Floods Along the Ohio
April 18, 2013
Heavy rain and snow had swollen the rivers of Indiana, Illinois, and Kentucky, pushing many past flood stage during the first two weeks of January 2005. The flooding occurred after several days of rain and snow fell on the already saturated ground of the U.S. Midwest. Since the water could not be absorbed into the soaked ground, it ran off as flood water. The storms were followed by warm temperatures, which melted the snow and produced further flooding. By January 17, some of the flooding had started to recede, but large tracts of land along the Ohio and Wabash Rivers were still under water. The Moderate Resolution Imaging Spectroradiometer (MODIS) flying aboard NASA’s Aqua satellite captured the top image of the flooded rivers on January 17. The Ohio and Wabash Rivers are the most noticeably flooded, but many other rivers are also much larger than they were on November 25, 2004. On November 25, the Wabash River measured less than 3 pixels across in the 500-meter-resolution MODIS image (the large image provided above). On January 17, the river spanned 18 pixels at its widest point, increasing its width from approximately 1.5 kilometers to 9 kilometers. The Ohio River similarly grew to a width of 13.5 kilometers in the top image. Floods along the Ohio are not unusual, but the timing of this flood was. The Ohio River and its tributaries often flood in the spring when winter’s snow melts and runs into regional rivers. This flood, however, occurred in the middle of the winter, which is unusual. Credit: NASA images courtesy the MODIS Rapid Response Team at NASA GSFC. The images are available in additional resolutions.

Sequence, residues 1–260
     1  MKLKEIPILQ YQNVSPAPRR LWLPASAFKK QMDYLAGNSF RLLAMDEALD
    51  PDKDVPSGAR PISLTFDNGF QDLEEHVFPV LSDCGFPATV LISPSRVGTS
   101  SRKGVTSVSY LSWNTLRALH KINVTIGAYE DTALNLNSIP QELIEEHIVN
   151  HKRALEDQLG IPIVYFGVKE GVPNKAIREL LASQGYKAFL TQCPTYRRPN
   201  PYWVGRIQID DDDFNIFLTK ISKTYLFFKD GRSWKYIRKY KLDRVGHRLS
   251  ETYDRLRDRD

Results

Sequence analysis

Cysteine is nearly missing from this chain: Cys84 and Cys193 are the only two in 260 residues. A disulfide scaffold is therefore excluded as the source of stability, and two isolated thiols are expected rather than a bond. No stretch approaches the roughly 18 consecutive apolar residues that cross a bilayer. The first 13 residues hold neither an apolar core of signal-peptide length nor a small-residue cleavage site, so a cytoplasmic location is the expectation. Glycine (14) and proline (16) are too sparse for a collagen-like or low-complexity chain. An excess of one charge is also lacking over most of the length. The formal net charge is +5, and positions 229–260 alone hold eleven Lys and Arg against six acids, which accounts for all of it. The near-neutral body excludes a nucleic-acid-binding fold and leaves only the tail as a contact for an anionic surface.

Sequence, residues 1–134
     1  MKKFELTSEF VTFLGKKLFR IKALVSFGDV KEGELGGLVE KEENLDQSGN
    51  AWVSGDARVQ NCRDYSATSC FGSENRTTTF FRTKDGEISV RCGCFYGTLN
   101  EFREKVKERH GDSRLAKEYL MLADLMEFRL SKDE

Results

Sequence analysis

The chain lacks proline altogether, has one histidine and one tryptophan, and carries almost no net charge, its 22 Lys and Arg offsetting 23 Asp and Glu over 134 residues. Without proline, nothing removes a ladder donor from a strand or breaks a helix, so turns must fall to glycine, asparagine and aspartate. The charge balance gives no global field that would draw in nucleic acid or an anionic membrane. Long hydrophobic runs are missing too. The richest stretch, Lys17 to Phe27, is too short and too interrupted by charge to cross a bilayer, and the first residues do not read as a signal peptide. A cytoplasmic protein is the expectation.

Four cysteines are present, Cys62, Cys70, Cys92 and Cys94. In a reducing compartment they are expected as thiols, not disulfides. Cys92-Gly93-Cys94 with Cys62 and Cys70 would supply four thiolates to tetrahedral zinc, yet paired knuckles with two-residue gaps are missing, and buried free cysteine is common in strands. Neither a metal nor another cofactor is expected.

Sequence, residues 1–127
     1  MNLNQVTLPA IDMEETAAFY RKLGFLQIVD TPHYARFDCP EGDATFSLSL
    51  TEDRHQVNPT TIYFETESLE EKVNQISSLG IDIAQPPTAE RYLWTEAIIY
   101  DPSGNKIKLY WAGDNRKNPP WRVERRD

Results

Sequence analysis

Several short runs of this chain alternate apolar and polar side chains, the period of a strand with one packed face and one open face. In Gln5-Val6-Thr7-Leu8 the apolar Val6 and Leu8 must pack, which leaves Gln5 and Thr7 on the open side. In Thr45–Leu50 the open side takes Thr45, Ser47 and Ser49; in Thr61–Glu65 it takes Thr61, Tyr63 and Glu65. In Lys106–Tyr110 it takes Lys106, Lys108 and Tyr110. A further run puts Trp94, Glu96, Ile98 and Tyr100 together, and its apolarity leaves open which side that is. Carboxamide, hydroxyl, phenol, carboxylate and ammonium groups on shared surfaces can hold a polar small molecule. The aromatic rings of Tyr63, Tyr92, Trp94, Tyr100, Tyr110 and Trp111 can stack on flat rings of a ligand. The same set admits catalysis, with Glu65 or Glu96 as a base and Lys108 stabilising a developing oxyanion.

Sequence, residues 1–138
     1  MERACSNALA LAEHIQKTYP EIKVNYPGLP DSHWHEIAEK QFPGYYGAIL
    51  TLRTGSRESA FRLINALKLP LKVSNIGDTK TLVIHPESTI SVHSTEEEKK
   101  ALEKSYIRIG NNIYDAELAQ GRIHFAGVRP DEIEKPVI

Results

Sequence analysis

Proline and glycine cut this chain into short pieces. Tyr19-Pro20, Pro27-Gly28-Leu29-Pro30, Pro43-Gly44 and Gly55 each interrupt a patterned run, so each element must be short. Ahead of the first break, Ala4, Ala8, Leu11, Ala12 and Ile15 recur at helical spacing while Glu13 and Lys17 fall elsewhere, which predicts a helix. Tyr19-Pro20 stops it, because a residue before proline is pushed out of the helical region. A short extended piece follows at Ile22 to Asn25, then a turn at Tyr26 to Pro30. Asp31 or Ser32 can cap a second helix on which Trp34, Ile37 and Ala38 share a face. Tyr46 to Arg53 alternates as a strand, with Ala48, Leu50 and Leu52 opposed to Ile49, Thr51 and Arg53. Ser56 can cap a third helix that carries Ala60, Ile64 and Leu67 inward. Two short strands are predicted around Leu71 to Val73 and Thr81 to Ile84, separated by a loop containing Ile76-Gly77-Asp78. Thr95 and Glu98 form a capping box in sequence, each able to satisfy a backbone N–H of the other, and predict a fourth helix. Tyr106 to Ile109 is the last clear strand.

Topics: Weather, Disaster Accident, Environment, Earth, Meteorology, Atmospheric sciences, Mississippi River floods, Pungwe River, Floods in the United States: 1901-2000, Wabash River, Flood, Moderate-Resolution Imaging Spectroradiometer, Hydrology, Water